Worn next to the skin, it feels beautifully soft, but there was a distinct chill – except when pushing hard – below 10C.With the temperature higher, wicking kicks in pretty rapidly. Only on the warmest autumn afternoons have I felt clammy.
Drop-back stays in placed perfectly, though the gripper does not feel at all tight. No awkward riding-up even after several hours in the saddle. This has remained the case, even with pockets weighed down by pump, inner tube and such gubbins. On that front, pockets absolutely swallow a standard 75ml water bottle.
Zips are easy enough to operate on the fly, though the contents of the water-resistant pocket aren’t likely to be required away from stops. Having said that, when layered up on really cold days, and wearing thicker winter gloves, I’d be inclined to fashion a larger tab to grab hold of, when snugging-up the collar.
40C wash allows it into the regular laundry. That’s refreshingly easy – especially since Chapeau’s Tempo Bib-Tights accept the same treatment. The jersey has emerged from the spin-cycle almost dry, but an hour on the line has finished the job.
Mind you, it may be worth preserving the DWR coating by using a technical or liquid detergent.
Yes, £100 minus one penny is a good deal of cash to splash. Having said that, there are those who would say that cycling through the colder months is so much more attractive a prospect if you have decent kit. There’s no doubt the Club Thermal Jersey is well-made, comfortable and highly effective, on its own or as part of a system. The latter suggests more than day-ride potential; weekends or tours spring to mind.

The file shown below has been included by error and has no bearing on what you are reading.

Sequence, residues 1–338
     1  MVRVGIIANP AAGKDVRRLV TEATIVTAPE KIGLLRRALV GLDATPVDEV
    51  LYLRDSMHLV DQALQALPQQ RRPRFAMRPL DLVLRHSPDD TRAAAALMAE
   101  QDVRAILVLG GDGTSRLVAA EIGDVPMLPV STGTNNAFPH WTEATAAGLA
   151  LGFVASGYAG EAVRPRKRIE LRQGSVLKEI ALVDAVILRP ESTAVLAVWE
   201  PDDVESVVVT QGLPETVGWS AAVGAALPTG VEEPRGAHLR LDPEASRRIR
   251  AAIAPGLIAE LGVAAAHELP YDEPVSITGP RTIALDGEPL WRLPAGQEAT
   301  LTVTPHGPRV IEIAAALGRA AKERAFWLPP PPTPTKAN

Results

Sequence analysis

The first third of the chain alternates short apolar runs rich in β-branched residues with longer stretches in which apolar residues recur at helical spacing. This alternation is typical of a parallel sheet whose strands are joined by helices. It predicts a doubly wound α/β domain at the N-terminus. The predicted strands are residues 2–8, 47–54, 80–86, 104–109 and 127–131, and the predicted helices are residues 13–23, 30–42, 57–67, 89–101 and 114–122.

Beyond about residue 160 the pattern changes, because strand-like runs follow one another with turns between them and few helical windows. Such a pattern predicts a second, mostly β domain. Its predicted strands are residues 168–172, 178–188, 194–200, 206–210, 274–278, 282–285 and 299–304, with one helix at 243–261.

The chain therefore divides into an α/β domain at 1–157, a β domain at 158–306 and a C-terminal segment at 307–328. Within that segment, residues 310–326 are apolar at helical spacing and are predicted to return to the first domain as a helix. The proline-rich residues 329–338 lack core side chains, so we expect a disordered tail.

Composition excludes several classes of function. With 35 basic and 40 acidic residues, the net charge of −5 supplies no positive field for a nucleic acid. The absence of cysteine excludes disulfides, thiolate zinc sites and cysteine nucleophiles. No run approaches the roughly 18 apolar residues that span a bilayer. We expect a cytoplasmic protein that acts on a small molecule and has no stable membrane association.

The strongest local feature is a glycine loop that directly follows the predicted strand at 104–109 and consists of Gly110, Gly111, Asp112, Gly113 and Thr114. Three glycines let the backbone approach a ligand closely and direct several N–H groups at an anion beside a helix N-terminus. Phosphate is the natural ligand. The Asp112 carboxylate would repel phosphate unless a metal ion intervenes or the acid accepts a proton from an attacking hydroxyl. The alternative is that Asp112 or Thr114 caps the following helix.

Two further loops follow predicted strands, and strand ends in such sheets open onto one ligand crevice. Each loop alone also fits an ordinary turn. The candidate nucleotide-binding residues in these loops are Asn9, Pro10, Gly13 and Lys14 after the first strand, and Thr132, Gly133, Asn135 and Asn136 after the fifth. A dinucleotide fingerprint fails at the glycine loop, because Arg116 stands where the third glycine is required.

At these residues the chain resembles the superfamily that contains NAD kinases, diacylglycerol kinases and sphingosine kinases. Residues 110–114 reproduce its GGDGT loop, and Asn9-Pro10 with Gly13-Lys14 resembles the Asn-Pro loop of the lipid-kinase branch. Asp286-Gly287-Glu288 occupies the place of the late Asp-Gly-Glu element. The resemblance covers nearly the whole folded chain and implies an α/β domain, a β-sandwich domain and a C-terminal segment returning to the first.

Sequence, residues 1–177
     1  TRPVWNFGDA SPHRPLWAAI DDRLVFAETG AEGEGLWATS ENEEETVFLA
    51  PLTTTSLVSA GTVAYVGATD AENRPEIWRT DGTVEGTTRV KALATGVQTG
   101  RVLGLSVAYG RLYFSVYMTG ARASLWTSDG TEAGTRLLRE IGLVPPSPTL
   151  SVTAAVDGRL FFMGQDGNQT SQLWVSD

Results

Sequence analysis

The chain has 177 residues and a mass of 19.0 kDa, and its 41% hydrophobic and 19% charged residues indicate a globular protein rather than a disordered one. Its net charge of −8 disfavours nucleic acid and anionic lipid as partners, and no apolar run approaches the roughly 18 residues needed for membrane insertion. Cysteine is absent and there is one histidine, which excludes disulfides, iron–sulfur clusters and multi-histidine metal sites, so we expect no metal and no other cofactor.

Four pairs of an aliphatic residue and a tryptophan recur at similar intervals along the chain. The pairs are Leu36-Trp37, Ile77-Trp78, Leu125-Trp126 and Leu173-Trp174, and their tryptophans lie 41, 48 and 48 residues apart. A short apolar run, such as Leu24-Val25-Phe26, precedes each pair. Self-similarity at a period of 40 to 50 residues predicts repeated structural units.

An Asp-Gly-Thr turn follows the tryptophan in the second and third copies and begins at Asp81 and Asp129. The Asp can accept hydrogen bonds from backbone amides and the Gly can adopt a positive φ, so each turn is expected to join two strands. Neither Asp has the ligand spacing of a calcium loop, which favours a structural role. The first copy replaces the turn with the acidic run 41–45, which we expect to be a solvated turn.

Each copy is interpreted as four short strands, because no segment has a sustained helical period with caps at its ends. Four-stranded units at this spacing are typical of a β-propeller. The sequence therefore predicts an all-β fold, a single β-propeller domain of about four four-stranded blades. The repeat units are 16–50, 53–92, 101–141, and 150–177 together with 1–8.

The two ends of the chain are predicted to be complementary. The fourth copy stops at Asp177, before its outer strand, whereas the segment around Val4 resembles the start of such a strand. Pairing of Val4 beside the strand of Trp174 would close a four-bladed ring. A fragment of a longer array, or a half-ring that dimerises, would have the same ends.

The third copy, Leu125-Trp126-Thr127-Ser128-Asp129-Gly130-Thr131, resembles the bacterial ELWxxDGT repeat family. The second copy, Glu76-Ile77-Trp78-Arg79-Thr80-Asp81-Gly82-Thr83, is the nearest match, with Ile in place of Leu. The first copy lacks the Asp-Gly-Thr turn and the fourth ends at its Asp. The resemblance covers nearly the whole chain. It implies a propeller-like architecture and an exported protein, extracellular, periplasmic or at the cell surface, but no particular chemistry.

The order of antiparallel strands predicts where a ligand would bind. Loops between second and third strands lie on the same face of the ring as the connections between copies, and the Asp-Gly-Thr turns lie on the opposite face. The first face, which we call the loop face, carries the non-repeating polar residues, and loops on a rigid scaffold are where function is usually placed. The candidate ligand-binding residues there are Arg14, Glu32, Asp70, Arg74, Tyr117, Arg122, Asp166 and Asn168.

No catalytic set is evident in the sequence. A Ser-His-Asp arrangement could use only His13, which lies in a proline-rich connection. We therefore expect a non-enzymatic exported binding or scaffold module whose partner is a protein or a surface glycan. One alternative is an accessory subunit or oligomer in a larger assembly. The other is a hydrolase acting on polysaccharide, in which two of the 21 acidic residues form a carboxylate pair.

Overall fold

When the Light Blue Classic – also an excellent layering garment - goes into hibernation, the Club Thermal comes into its own. The Light Blue Classic Road Jersey, is a lot cheaper, but isn’t designed for the lower temperatures and isn’t water-resistant, amongst other differences.
A better comparator might be Stolen Goat’s Orkaan Everyday Jersey. At £125, it is water-resistant because the seams are not sealed, but in my view outscores Chapeau’s Club Thermal in the keeping out the rain stakes. Layering is not Stolen Goat’s thing, and Chapeau’s beats it on that score, in my opinion.
Mind you, come the depth of winter Stolen Goat’s Deep Winter Grid Jacket will come out of the closet. However, for day rides, multi-day, or when the mercury shows milder days, Chapeau’s Club Thermal would make a very good choice.
Altura’s Thermal NV2 Long Sleeve Jersey, is again, significantly cheaper. However, in my opinion, it comes in on the smaller, tight side, and although perfectly effective, does not have the adaptability of the Club Thermal.
Chapeau’s Club Thermal Long Sleeve Jersey is functional, funky, and fine all-round. It scores highly on its own or as part of a system. Perfectly suited to day rides, the ability to combine it with base-layer, jacket, and so on, when faced by changeable autumn, winter, and spring weather – such as is par for the course in the UK. Moreover’ it has not been prone to nasty niffs, and added benefit to flexibility, when away for more than a day.